Sinus infections, or sinusitis, are so common that many of the telltale signs are recognizable: congestion, postnasal drip, facial pain and tenderness, sore throat, fatigue, and fever. But many people also experience teeth pain. We’ll explore the connection between sinus infection and toothache, and take a look at some rare complications from sinus infection.
What’s the Connection Between Sinus Infection and Toothache?
Toothache or tooth pain from a sinus infection is actually fairly common. Your sinuses are air-filled pockets in the face; there are four pairs, located near your eyes, forehead, and behind the cheekbones. When they’re working properly, their primary function is to produce mucus, which moistens the nose, protecting it from irritants and germs. When the sinuses become blocked, trapped germs can lead to infection.
Once infected, the blocked sinuses may swell and cause pressure in the face. A sinus infection can cause toothache because the swelling and build-up of mucus inside the sinuses may put pressure on nerves running to the roots of the teeth.
There are four pairs of what are called “paranasal sinuses”, or sinuses around the nose.
They are the:
- Maxillary sinuses: located in the cheek,
- Ethmoid sinuses: located between the eyes, on each side of the nose,
- Frontal sinuses: located on either side of the forehead, and
- Sphenoid sinuses: located behind the ethmoid sinuses.
Generally, tooth pain associated with sinus infection is felt only in the top, rear teeth (your maxillary teeth) because the roots of these teeth and jawbone are closest to the maxillary sinuses. Although it can feel like a “toothache”, it is actually what doctors call “referred pain”, as the cause is not in the teeth themselves, but comes from the sinus pressure.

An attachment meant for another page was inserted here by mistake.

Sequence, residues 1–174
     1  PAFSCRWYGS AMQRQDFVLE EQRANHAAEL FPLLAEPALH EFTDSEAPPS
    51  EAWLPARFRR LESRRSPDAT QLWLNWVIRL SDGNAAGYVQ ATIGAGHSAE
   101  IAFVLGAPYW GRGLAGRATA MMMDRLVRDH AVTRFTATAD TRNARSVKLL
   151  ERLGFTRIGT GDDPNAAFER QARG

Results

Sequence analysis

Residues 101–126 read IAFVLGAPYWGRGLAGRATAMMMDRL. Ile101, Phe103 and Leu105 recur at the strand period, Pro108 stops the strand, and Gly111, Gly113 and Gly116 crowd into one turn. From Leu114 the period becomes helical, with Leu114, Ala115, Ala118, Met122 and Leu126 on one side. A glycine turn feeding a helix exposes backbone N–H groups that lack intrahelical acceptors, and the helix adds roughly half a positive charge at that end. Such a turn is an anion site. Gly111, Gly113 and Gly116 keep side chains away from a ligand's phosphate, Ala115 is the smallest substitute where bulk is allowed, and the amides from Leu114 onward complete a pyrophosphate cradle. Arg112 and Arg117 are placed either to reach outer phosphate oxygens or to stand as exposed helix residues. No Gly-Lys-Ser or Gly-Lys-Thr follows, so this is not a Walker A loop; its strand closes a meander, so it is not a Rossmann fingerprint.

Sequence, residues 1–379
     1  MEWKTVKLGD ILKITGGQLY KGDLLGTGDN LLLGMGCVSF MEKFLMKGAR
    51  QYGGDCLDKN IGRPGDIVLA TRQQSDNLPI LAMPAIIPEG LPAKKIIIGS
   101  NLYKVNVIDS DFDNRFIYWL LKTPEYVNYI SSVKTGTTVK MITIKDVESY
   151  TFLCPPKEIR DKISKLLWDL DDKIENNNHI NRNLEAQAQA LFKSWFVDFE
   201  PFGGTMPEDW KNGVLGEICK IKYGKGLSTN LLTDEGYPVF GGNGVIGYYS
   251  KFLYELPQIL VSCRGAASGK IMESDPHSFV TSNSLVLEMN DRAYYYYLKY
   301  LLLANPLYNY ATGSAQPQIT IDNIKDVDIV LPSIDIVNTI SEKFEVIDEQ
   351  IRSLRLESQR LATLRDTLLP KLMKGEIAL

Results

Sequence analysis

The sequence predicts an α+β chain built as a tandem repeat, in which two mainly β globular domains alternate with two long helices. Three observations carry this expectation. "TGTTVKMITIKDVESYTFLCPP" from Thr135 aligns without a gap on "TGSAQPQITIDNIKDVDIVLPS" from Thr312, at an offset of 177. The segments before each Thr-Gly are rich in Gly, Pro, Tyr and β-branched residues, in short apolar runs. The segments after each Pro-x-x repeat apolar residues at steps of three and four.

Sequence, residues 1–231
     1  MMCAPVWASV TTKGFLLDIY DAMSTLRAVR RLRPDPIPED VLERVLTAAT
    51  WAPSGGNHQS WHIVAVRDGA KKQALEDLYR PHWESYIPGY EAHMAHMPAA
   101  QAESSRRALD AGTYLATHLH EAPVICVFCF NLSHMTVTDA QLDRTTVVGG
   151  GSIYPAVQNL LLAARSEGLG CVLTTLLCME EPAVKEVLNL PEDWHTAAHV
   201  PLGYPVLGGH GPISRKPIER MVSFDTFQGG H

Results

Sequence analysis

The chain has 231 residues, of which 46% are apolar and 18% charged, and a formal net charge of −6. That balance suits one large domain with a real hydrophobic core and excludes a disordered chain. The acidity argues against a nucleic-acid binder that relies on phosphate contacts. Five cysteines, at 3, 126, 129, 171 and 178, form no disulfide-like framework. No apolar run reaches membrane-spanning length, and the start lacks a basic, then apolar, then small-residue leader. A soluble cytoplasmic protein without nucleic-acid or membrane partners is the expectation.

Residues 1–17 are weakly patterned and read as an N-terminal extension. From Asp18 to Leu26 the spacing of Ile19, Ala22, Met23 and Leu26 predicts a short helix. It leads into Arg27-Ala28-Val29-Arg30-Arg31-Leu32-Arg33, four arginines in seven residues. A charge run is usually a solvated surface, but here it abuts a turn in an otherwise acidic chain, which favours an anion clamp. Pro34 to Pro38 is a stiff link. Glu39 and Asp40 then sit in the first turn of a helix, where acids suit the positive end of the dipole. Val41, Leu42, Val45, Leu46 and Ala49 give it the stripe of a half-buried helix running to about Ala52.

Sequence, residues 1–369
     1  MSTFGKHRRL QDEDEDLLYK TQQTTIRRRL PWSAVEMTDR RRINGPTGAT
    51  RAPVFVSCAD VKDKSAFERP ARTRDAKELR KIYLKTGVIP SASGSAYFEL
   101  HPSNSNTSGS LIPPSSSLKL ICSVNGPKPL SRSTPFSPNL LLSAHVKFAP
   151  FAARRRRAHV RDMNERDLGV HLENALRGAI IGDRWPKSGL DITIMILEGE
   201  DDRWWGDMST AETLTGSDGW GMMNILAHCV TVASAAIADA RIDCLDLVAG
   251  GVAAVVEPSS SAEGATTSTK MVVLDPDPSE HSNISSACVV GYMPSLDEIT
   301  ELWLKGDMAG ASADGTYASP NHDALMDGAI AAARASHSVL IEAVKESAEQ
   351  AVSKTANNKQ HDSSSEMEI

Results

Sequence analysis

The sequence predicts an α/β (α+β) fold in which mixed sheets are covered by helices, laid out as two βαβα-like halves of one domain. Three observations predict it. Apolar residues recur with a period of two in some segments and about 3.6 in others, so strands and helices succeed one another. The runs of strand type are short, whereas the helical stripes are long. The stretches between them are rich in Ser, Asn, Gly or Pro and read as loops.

What does a Sinus Pressure in Teeth Feel Like?
Sinus Pressure in Teeth
A sinus toothache will often feel much like the pressure of other areas experiencing discomfort in the sinuses. It may even be a throbbing, intense pain, because of the pressure on the nerves to the teeth. Typically, tooth pain due to sinus infection is not severe, although it can be a constant ache causing a great deal of discomfort.
How Can I Tell the Difference Between Sinus Tooth Pain and a Real Toothache?
There are ways to tell the difference between sinus tooth pain and a genuine toothache.
Sinus tooth pain is usually:
- Continuous pressure or discomfort;
- Isolated in the maxillary teeth (upper, back molars);
- Accompanied by other symptoms of sinus infection (congestion, cough, ear pressure; postnasal drip, facial pressure, fever, fatigue, headache, etc.);
- Increased when bending down, moving the head, or standing.
Although sinus toothache is typically only present in the upper molars, an infection that lasts a long time can cause referred pain to travel to the lower teeth as well.
Tooth pain or toothache with a dental cause may be:
- Focused on only a single tooth;
- Sharp or causing sensitivity when biting hard, hot, or cold food;
- More severe pain than the pressure of a sinus toothache; and
- Progressively uncomfortable or painful,
If you have upper molar pain or discomfort, and a dentist has ruled out dental causes, it may be a good idea to consult with a physician to determine if the problem could be in your sinuses.